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Aero L-59 Super Albatros


Advanced Trainer / Light Strike Aircraft (1986)


Aviation / Aerospace

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No longer available from Czech aviation company Aero, the L-59 Super Albatros was eventually upgraded to become the L-159 ALCA series.



Authored By: Staff Writer | Last Edited: 06/21/2018 | Content ©www.MilitaryFactory.com | The following text is exclusive to this site.
Aero Vodochody was established in post-war Europe during early 1919 and made a name for itself as a developer of capable Czech-originated aircraft. Its line included the A.11 series biplane of 1921 all the way to the popular jet-powered L-39 "Albatros" two-seat trainer of 1972. From the latter spawned a series of similar aircraft that included the improved L-59 "Super Albatros" of 1986 and the more modern L-159 ALCA. The L-59 was eventually adopted by Czechoslovakia, Egypt, and Tunisia.

The L-59 was developed along the same jet-powered, twin-seat trainer lines as the L-39 before it. The aircraft incorporated a tandem two-seat configuration (student in front, instructor in rear) with a single Progress DV-2 turbofan engine developing 4,850lbs of thrust. Compared to the L-39, the L-59 received a lengthened, reinforced fuselage structure, modernized avionics and a more powerful engine fitting. HUD (Head-Up Display) was added in the cockpit for improved situational awareness and mission support. Dimensions included a length of 12.2 meters, a wingspan of 9.5 meters, and a height of 4.7 meters. Empty weight was 8,865lbs with a Maximum Take-Off Weight (MTOW) of 15,435lbs. Performance specifications included a maximum speed of 535 miles per hour with a range out to 1,245 miles and service ceiling of 38,785 feet. Rate-of-climb neared 5,510 feet per minute.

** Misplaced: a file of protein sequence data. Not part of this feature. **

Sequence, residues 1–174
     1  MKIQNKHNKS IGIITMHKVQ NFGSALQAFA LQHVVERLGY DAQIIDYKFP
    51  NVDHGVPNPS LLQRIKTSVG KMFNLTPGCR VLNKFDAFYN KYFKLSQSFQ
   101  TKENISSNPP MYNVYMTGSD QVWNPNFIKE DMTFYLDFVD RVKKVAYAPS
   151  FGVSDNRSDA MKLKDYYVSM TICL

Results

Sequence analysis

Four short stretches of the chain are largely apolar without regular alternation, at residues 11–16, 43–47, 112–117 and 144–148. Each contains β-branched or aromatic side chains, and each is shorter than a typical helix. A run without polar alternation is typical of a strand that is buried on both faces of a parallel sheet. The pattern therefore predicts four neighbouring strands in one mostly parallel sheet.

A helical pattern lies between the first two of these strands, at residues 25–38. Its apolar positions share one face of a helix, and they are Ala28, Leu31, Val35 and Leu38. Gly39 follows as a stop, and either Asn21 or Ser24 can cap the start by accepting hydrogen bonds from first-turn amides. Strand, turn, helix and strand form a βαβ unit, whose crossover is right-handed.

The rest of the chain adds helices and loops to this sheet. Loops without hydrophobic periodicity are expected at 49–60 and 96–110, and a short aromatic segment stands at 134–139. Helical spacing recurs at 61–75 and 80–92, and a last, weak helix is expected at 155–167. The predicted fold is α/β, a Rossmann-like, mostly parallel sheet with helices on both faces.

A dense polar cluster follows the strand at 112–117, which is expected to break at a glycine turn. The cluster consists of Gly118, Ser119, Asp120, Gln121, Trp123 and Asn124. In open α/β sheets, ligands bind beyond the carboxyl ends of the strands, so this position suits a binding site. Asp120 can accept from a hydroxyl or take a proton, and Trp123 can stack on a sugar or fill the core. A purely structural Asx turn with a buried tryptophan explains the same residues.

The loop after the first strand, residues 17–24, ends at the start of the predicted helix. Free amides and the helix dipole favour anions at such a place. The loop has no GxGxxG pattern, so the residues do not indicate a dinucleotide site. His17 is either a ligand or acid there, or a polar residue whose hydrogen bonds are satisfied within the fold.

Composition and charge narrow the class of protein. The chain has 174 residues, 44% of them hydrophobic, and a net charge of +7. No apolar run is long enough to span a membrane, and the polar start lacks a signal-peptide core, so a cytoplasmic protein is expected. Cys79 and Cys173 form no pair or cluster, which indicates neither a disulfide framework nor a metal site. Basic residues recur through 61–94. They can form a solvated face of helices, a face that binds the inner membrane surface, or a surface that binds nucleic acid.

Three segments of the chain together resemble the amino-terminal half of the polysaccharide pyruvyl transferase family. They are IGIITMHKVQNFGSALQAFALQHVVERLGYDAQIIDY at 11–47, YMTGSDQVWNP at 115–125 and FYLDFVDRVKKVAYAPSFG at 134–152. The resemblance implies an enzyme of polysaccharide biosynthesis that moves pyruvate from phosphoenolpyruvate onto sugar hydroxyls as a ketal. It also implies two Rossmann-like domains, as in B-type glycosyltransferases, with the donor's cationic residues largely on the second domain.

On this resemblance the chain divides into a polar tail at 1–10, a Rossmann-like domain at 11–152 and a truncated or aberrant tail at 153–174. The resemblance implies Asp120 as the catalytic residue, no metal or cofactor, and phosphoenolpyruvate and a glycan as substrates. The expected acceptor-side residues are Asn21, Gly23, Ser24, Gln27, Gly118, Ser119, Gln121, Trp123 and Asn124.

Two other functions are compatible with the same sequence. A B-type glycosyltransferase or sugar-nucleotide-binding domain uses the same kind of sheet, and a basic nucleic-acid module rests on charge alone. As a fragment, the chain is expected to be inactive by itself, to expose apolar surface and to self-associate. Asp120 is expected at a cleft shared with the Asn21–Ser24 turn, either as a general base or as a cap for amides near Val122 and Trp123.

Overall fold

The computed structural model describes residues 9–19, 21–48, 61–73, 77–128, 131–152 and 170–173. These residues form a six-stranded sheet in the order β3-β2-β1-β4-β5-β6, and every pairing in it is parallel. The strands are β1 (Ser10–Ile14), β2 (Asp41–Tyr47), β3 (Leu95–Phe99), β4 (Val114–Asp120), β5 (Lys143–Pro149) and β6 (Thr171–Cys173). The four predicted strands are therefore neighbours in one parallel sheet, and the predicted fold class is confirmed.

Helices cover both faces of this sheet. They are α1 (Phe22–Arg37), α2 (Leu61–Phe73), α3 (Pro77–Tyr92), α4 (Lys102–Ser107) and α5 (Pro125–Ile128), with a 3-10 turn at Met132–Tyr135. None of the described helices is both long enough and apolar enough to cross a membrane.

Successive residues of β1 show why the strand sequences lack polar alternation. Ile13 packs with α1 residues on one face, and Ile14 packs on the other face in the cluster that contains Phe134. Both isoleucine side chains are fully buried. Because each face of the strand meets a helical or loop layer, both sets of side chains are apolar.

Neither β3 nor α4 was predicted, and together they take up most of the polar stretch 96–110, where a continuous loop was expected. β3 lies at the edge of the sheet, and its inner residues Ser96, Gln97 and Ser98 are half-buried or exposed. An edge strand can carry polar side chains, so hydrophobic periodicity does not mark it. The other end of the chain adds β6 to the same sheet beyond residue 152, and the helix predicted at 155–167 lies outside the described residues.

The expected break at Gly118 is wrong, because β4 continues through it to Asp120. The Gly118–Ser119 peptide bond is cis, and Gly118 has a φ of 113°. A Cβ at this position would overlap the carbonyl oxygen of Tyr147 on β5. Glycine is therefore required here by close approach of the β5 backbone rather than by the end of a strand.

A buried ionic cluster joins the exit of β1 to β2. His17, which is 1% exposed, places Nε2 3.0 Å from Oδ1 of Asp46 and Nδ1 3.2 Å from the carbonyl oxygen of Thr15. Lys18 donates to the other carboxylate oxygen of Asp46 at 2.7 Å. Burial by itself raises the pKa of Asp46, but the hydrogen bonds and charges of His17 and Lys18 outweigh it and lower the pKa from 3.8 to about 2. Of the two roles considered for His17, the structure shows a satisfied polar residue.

First flight of a prototype form occurred on September 30th, 1986. Production then spanned from 1986 to 1996 to which the L-59 was adopted by the Czechoslovak Air Force as the L-39MS in a batch of six aircraft. After the dissolution of Czechoslovakia in 1993, four of the aircraft fell into service with the new Czech Air Force and the remaining aircraft went to the Slovak Air Force. Two slightly different export marks were then delivered as the L-59E to Egypt (49 examples) and the L-59T to Tunisia (12 examples). These were all that were produced from Aero Vodochody signifying the end of manufacture for the L-59 series (67 were built in all). Its replacement became the L-159 ALCA (Advanced Light Combat Aircraft) which saw production reach 72 and deliveries to the Czech Republic and Iraq.

Though a trainer by design, the L-59 retained certain combat capabilities about her. It was not a 4th Generation frontline multi-role fighter as found in the West or Russia but its airframe proved suitable for the light strike role, allowing it to become something of a tempting purchase to more budget-conscious nations requiring the dual-role service of a single airframe that trained pilots and also offered inherent Close-Air Support (CAS) or low-level strike functionality. As such, when armed for combat (or even weapons training), armed versions carried a single Soviet-inspired GSh-23L cannon in a pod mounted under the fuselage for short-range work. Four underwing hardpoints also supported up to 2,200lb of externally-held ordnance which allowed the L-59 to be outfitted with standard conventional drop bombs, rocket pods, or gun pods as required.